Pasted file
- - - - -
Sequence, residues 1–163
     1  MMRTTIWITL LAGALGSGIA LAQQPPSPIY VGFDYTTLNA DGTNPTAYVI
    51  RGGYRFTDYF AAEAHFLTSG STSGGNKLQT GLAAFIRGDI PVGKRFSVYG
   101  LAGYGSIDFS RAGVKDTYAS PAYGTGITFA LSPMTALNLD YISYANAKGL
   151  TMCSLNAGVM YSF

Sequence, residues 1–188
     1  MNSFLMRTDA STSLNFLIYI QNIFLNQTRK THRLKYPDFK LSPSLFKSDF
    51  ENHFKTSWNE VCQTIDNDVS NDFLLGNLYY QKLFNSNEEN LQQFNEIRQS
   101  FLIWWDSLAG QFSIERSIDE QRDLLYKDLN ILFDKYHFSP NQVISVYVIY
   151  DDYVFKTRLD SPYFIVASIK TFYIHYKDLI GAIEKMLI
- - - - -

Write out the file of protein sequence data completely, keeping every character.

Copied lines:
Sequence, residues 1–163
     1  MMRTTIWITL LAGALGSGIA LAQQPPSPIY VGFDYTTLNA DGTNPTAYVI
    51  RGGYRFTDYF AAEAHFLTSG STSGGNKLQT GLAAFIRGDI PVGKRFSVYG
   101  LAGYGSIDFS RAGVKDTYAS PAYGTGITFA LSPMTALNLD YISYANAKGL
   151  TMCSLNAGVM YSF

Sequence, residues 1–188
     1  MNSFLMRTDA STSLNFLIYI QNIFLNQTRK THRLKYPDFK LSPSLFKSDF
    51  ENHFKTSWNE VCQTIDNDVS NDFLLGNLYY QKLFNSNEEN LQQFNEIRQS
   101  FLIWWDSLAG QFSIERSIDE QRDLLYKDLN ILFDKYHFSP NQVISVYVIY
   151  DDYVFKTRLD SPYFIVASIK TFYIHYKDLI GAIEKMLI